‘Global economy teetering on edge of recession’: IMF paints a gloomy picture

The International Monetary Fund (IMF) has said that the world economy is “teetering” on the edge of a global recession. The remarks come as the world’s three largest economies —the United States, China and Europe— are witnessing a slowdown and spiralling inflation.

In an update of the World Economic Outlook, the IMF. said that economic prospects had darkened significantly in recent months as a result of the war in Ukraine, inflation and a resurgent pandemic.

The agency warned that if these threats continue to intensify, the global economy could face one of its weakest years since 1970s, when a period of intense stagflation gripped the globe.

“The world may soon be teetering on the edge of a global recession, only two years after the last one,” Pierre-Olivier Gourinchas, the I.M.F.’s chief economist, wrote in a blog post.

 Put simply, the outlook for the global economy is “increasingly gloomy,” he said.

The Washington-based institution said that problems in China, EU and the US had triggered fall of global output in the second quarter of this year— the first contraction since the start of the Covid pandemic.

“Higher than expected inflation, especially in the United States and major European economies, is triggering a tightening of global financial conditions. China’s slowdown has been worse than anticipated amid COVID-19 outbreaks and lockdowns, and there have been further negative spillovers from the war in Ukraine,” he said.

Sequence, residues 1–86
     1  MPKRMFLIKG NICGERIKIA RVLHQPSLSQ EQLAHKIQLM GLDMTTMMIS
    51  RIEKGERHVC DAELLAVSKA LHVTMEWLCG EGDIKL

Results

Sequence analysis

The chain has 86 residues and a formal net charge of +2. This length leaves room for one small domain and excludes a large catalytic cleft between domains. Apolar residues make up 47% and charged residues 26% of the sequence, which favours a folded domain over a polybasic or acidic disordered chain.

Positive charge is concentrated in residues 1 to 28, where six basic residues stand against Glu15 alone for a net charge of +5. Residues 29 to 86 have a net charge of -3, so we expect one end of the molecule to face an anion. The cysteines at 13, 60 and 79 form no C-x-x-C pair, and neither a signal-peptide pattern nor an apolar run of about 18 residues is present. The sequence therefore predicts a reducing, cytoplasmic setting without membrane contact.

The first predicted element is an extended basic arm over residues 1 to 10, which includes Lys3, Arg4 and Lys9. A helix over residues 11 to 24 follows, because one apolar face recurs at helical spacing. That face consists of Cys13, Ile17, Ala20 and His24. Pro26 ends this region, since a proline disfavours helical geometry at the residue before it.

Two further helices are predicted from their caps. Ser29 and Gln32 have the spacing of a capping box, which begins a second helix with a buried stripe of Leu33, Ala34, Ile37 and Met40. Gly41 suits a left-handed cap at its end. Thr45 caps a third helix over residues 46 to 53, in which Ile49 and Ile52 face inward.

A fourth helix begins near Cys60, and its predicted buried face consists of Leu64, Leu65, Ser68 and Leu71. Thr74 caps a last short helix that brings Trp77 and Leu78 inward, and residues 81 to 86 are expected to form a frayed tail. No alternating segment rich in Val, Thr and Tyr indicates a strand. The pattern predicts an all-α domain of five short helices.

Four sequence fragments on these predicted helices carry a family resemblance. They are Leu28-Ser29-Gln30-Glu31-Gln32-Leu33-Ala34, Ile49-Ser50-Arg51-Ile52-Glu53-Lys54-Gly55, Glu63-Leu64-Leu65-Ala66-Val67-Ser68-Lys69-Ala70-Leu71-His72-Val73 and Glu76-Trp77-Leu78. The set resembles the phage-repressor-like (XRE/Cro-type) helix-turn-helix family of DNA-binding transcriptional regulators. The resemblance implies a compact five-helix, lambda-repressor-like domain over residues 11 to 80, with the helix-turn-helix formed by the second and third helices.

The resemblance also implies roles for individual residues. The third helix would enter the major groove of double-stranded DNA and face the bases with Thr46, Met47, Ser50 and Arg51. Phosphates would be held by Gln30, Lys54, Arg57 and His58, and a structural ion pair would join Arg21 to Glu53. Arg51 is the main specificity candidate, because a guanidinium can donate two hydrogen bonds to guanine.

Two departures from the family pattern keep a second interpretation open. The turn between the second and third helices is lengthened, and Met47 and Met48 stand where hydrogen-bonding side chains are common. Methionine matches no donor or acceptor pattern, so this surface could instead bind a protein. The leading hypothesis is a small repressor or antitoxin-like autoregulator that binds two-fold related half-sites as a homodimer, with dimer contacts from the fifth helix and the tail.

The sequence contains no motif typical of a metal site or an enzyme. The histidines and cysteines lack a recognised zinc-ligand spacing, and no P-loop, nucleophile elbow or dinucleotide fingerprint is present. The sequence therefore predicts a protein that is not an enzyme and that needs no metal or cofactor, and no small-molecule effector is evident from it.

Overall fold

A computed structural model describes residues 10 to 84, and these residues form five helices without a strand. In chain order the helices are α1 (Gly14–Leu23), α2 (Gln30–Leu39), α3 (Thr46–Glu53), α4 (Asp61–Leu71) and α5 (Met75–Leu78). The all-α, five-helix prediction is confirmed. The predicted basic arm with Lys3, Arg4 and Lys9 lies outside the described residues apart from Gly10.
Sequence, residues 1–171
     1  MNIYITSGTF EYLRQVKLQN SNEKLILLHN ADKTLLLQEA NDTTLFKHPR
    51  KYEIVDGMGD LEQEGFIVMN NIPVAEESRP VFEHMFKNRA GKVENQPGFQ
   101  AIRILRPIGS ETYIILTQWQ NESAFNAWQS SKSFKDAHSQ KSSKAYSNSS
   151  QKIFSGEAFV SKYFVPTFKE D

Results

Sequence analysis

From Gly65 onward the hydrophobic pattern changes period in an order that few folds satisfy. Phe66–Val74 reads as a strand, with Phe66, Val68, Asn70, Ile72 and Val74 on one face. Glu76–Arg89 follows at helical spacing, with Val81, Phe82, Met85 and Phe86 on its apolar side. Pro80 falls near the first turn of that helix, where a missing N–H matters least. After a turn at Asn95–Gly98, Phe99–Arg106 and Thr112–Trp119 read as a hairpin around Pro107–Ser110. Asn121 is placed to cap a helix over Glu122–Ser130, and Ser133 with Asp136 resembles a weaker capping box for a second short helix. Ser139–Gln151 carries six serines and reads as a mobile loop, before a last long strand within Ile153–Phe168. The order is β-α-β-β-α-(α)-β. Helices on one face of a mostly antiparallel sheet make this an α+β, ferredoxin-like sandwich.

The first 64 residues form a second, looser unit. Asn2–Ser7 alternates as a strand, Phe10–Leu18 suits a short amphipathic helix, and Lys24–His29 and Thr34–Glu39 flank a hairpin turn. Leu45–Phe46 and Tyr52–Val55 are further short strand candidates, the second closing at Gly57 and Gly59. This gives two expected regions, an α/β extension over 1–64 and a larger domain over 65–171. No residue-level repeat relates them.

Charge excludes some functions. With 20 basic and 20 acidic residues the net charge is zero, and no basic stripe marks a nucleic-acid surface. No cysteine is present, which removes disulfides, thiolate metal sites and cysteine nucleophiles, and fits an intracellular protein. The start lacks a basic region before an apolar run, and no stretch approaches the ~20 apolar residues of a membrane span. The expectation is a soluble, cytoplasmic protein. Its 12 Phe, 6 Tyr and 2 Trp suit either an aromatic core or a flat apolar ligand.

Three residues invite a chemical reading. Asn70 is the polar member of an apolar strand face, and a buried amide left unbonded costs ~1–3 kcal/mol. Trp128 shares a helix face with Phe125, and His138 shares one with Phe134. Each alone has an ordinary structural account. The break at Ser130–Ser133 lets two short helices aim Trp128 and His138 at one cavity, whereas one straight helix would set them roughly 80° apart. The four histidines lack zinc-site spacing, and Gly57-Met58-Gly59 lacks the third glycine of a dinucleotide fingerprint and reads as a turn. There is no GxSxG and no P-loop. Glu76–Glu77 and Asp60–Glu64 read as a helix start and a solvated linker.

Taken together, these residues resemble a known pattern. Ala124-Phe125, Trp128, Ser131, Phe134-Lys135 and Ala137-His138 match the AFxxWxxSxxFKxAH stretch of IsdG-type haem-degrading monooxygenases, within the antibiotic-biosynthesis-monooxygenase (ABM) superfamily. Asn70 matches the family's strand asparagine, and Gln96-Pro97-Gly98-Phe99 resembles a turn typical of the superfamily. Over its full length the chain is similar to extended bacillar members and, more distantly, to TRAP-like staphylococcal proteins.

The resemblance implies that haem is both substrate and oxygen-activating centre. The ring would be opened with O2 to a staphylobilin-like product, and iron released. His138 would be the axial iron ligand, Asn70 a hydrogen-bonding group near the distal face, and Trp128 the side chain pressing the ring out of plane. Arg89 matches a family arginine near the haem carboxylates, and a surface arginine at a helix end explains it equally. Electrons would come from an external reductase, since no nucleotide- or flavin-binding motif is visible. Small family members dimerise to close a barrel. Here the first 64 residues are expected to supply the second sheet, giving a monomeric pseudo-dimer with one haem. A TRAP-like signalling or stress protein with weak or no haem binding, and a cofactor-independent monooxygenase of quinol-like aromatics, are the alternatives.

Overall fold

By the fourth quarter of 2022, the IMF said that was forecasting global inflation of 8.3 per cent, up from its April estimate of 6.9 per cent.

The World Bank, too, had made a similar prediction in June for the global economy, saying that the Ukraine war and the COVID-19 pandemic have continued to hinder global economic growth.

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“Things have gotten, unfortunately, much worse than what we expected,” World Bank Prospects Group Director Ayhan Kose said in June.

“We were expecting a slowdown. That slowdown is much more pronounced now. Growth is going to go down to 2.9 per cent, at the global level. Last year it was 5.7 per cent.”

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The IMF said that the recession in Russia this year was still significant and that its economic output could deteriorate further next year as the impact of the sanctions are intensified.

(With inputs from agencies)

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